Second, as any association will attest, it can't exist or continue its work without members. With the direction of the Executive Council and past presidents, I hope to do another membership drive for NCSA. In fact, I  challenge all past and present members to recruit at least one new member from their department or community to join and attend the conference in 2014. I think the NCSA can do some work to determine some "incentives" for joining and attending state conferences in a time when budgets are tight and obligations abound; so, again look out for an e-mail about what NCSA can offer a you or a new member.

Finally, I want to continue to bolster our public appearance in the state, the region, and the national scene. We can do this  by keeping some traditions flourishing while looking for new ways to reach our colleagues throughout the state and region. Two of our publications have contributed to the association's presence on the web. Our newsletter, The Bulletin, and the online peer-reviewed journal, Sociation Today, have reached out to many on-line. As you may have heard at the annual meeting, Lee Dodson, long-time editor of the newsletter, will be retiring within the year. We thank him most heartily for his dedication and service. When someone who has served the association as the editor of our newsletter for over 25 years retires, we need a great person (or persons) to step in and help keep this newsletter going. If you would like to volunteer, then please contact me ( Dodson will continue to edit the newsletter through the fall issue. Whoever takes on this position would do well to shadow him for his final issue in order to prepare to edit our winter/spring issue for 2014.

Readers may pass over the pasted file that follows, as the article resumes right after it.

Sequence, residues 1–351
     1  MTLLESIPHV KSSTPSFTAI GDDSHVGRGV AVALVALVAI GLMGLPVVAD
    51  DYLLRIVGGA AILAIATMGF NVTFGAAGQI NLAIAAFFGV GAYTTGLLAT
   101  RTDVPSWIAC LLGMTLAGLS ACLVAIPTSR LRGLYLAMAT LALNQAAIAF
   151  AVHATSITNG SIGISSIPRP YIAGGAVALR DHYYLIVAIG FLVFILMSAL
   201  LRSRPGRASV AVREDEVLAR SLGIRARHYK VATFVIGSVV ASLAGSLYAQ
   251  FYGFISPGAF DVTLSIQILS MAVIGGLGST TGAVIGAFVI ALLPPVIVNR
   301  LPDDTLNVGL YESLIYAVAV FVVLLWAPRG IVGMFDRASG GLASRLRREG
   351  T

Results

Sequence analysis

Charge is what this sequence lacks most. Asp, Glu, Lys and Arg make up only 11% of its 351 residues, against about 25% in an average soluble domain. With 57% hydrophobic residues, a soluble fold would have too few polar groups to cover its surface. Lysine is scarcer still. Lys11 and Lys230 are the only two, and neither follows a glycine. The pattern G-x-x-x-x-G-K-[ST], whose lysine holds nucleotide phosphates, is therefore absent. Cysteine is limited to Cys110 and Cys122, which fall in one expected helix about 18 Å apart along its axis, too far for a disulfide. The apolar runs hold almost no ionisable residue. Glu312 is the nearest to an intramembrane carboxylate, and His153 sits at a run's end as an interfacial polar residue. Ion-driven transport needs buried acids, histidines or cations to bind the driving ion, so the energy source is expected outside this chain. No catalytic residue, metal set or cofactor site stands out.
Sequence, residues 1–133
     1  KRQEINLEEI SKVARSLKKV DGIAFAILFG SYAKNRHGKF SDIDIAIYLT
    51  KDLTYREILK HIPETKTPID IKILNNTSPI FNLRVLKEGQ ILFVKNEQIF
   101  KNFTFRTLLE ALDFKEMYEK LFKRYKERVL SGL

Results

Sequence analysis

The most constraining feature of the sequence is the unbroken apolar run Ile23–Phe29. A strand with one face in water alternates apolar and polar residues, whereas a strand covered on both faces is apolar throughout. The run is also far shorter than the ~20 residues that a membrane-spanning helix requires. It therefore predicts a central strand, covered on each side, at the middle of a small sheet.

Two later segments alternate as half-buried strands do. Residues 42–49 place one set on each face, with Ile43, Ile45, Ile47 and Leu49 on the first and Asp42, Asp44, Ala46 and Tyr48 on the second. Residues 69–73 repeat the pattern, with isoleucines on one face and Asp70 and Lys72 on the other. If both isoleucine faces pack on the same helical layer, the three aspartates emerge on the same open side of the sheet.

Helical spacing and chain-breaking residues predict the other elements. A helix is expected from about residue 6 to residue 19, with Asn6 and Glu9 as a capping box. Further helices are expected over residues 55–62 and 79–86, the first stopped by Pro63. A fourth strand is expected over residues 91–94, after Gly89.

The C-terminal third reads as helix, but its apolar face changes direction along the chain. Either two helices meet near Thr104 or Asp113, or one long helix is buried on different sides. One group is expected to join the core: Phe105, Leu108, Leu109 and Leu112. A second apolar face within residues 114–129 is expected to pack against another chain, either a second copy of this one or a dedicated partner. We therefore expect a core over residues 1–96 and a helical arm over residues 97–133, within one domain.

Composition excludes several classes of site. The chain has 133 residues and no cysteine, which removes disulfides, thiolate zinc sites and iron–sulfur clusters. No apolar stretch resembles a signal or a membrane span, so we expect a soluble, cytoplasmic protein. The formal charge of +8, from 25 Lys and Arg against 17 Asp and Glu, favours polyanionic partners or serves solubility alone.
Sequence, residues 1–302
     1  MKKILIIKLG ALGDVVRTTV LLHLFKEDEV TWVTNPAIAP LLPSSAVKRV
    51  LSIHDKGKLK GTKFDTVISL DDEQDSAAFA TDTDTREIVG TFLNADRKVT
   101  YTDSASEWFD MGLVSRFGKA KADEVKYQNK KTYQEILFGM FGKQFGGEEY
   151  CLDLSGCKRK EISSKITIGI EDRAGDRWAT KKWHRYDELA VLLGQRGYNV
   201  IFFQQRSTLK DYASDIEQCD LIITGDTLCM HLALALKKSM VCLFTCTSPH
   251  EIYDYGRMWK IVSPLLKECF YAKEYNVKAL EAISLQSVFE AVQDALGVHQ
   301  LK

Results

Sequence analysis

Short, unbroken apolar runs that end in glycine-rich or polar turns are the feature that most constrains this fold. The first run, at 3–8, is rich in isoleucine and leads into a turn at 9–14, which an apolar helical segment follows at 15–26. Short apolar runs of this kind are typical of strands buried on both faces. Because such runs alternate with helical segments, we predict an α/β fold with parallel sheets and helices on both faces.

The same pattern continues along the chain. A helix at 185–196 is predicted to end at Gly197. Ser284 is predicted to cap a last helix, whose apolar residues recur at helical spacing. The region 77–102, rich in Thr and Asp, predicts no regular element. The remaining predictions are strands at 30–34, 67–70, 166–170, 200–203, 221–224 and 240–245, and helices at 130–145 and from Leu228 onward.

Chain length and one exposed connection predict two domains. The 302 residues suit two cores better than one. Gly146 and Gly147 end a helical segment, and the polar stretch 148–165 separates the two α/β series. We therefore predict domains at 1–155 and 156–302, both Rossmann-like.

We also need to continue to support our online journal and attract more submissions and even consider some special issues. We should consider the possibility of using some new software for the journal to give it a "fresh look" while still supporting our mission of providing open access to quality research and writing for professionals, students, and the public at-large. Here's an example of a fresh look from the Georgia Sociological Association's online journal: Software of this kind is available at all of our UNC-system schools. It can help us maintain online submissions, put the articles in pdf format, and still maintain the protocols of the DOAJ network. Of course, any decision about such innovation falls first with our editor George Conklin and the editorial board. We will be working together to consider the pros and cons.